Yes, I realize that my post title is rather cliche but it also suits my topic.
Hello, I’m Bryonna Nobles, the newest member of the Petit Fours and Hot Tamales Blog Group. To say I’m a little nervous, this being my first post and all, is an understatement.
I honestly had no idea what I would talk about today. Not until I was at work and one of the ladies there told me about how she’d made a cookbook. Her daughter had been asking her for years to take all the recipes in her head and make a cookbook of them. So two years ago, she did, giving it to her daughter for Christmas.
As she described how her daughter began to cry, tears came to my own eyes. I know exactly how her daughter felt.
My Nana passed away unexpectedly in November of 2010. While we readied for her funeral, my aunt handed me her recipe box. This old fashioned wood one that had definitely seen better days. As I opened up the box I knew so well from baking with my grandmother, I fingered through the stained index cards, picking one out every now and again. I’d smile at the memories and I’d cry knowing we’d never have that time together again.
Nana taught me all I know about cooking. I remember as though it were yesterday, dragging my little footstool up to the counter, cracking eggs into a saucer and watching her pick out the shell bits that inevitably joined the egg whites in the bowl before she pitched the contents into her Sunbeam mixer.
These are memories I shall always cherish. Missing her like crazy, the day after her funeral I drug out her recipe box and I took out each card, one by one, and I typed them up on my computer. It took me nearly a week, typing obsessively, but I wrote out each and every recipe into a cookbook.
That Christmas, I gave everyone in my family a copy of Cooking with Nana, some cried but all appreciated it. No one wanted to lose those recipes we’d all grown up with.
What’s more, every time I came across a recipe that held a special memory, I wrote out that memory, sharing it with my family. They, in turn, shared their memories with me and we spent Christmas with Nana, even if she wasn’t with us.
One such memory involved Nana’s favorite pound cake. When I was a child, we always got to open one gift on Christmas Eve. I was 2 and my mother gave me a set of dolls. Papa, never a ceremonial man, just stood up, saying, “We’re giving out Christmas presents? Alright.” He then proceeded to go down into the basement where his office was.
A few minutes later, he returned with a large, unwrapped box still in its K-mart bag.
Before she even got it open, my two year old self looked up and said, “Oh Nana! You got a mixer. Let’s go bake a cake!” My dolls forgotten on the floor, I toddled off into her kitchen. And we did bake that impromptu pound cake.
I told my Aunt Reen, Nana’s older sister, this story at Nana’s funeral. This made her laugh. She said, “You know, its funny, Paula (Nana) always said that it’d be me having my kids cookin’ at 2.” She then told me a story about my grandmother, I never knew.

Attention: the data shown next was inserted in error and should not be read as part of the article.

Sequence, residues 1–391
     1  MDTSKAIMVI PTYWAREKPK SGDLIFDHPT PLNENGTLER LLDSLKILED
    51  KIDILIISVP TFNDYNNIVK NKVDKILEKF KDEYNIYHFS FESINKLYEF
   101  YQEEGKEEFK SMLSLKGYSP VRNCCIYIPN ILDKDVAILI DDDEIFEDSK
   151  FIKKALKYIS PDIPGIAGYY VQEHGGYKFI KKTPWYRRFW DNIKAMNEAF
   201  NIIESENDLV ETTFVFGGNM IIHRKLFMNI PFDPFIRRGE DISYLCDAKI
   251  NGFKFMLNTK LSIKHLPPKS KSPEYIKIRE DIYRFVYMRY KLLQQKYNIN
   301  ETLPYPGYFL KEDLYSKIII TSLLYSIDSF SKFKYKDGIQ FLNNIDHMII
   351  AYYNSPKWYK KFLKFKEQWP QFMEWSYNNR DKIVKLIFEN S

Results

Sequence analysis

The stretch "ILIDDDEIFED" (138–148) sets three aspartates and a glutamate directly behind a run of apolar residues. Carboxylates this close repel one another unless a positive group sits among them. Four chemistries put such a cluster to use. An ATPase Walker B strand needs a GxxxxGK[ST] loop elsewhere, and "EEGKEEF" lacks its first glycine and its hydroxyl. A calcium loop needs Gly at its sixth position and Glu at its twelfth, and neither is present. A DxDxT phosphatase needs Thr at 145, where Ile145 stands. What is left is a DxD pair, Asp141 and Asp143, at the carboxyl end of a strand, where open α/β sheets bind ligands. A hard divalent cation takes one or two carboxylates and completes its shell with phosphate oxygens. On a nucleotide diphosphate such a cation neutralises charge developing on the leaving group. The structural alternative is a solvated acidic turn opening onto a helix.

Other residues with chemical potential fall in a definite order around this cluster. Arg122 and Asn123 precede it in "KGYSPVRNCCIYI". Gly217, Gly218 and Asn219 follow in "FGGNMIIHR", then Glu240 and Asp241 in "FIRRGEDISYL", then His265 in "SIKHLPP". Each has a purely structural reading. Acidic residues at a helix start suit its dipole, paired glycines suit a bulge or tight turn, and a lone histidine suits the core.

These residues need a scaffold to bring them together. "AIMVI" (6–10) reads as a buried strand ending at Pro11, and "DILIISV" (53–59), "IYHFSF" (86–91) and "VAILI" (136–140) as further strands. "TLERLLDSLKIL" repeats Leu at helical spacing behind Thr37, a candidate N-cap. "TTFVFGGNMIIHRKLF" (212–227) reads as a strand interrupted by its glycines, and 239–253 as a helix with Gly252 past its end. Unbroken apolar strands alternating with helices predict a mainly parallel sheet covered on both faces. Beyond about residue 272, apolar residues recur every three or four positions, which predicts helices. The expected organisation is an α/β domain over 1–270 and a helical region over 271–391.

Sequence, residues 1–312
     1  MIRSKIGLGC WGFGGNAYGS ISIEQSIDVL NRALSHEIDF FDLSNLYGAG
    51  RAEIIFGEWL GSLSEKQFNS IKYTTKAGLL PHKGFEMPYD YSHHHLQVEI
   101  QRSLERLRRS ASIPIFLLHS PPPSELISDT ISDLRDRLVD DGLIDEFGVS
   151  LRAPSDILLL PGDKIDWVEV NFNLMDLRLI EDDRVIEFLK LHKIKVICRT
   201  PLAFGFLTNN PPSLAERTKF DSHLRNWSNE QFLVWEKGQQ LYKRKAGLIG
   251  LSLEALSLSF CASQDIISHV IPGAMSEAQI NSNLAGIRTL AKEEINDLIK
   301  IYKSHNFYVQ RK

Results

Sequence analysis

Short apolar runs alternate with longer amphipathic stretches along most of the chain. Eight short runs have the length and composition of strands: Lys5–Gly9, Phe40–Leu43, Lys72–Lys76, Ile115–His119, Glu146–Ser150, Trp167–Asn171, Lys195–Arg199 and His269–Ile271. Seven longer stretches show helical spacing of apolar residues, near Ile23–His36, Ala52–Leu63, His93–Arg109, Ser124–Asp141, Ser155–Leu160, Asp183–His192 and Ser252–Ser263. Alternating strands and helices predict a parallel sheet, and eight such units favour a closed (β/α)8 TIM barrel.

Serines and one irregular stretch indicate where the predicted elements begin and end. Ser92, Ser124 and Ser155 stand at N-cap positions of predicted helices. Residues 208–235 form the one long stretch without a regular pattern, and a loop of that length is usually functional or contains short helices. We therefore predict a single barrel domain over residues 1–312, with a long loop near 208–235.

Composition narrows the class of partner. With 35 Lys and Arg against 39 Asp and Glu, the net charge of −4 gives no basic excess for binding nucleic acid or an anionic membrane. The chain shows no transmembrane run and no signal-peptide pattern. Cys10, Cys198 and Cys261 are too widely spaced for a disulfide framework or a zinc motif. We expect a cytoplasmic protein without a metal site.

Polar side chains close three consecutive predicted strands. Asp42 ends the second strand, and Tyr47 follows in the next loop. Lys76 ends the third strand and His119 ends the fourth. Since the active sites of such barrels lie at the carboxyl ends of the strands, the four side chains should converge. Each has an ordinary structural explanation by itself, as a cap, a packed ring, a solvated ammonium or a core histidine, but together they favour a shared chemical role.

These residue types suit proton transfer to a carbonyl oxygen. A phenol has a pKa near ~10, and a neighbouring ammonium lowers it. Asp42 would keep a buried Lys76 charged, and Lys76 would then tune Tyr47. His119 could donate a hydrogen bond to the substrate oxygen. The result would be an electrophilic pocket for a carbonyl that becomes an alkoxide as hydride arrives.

Nana’s favorite desert is banana pudding. Real, old fashioned banana pudding. Not that box stuff.
Having been raised by her older sister, my Aunt Reen, she was very upset when Reen got married and moved away from the farm. Whenever Reen would come to visit, Nana would have everything she needed for Aunt Reen to make Banana Pudding.
Well one day, Reen called to tell Nana she was coming to visit. “Good, I have all the stuff so you can make me banana pudding,” Nana had said. I’m guessing she was about eight years old at this time.
Aunt Reen replied, “Paula, I’m not going to make you banana pudding today. I’m going to teach you how to make it so you don’t always have to wait for my visitin’.”
“I can’t do that!” Nana exclaimed. “I can’t separate eggs!” As though this was the most impossible task ever set before her in her life.
But Aunt Reen was true to her word. When she got to the house, she sat at the kitchen table and talked Nana through the steps of making Banana Pudding. It came out perfectly.
“Reen,” Nana said as she sat down to her plate of pudding. “You’re goin’ to have your kids cookin’ by the time they’re 2!”
Isn’t it amazing how one little thing like a recipe, a certain food, even the smell of a certain meal can bring up so many memories? And these are just a couple of mine.
What about you? What foods bring certain memories to mind? I’d love you to share them.
Oh, and in honor of my grandmother, allow me to share with you, her Pound Cake and her Banana Pudding Recipe. I hope you enjoy them.
Nana’s Pound Cake
3 cups sugar
1 cup Crisco
3 cups plus 2 tablespoons flour
6 large eggs
1/2 pint whipped cream
1 teaspoon pure vanilla extract
Sift flour 3 times. Mix sugar and Crisco together. Mix eggs one at a time into mixture. Alternate flour and whipped cream. Add vanilla. Cook at 300 degrees for 1 hour and 20 minutes in tube pan. Do not preheat oven.
Nana’s Favorite Banana Pudding
3/4 cup sugar
2 tablespoons flour
1/4 teaspoon salt
2 cups milk
3 egg yolks
2 teaspoons pure vanilla extract
6 ripe bananas, sliced
Mix together all ingredients but vanilla wafers. Cook on stove top until pudding thickens. About 5 minutes. Take vanilla wafers and line the bottom and sides of baking dish. Pour in pudding mixture. Float more wafers in pudding if desired. Top with meringue.
Preheat oven at 425 and bake about 5 minutes.
Meringue for Banana Pudding
3 egg whites
¼ cup sugar
Beat egg whites until stiff but not dry. Add ¼ cup sugar and beat until stiff peaks form. Bake at 425 degrees about 5 minutes.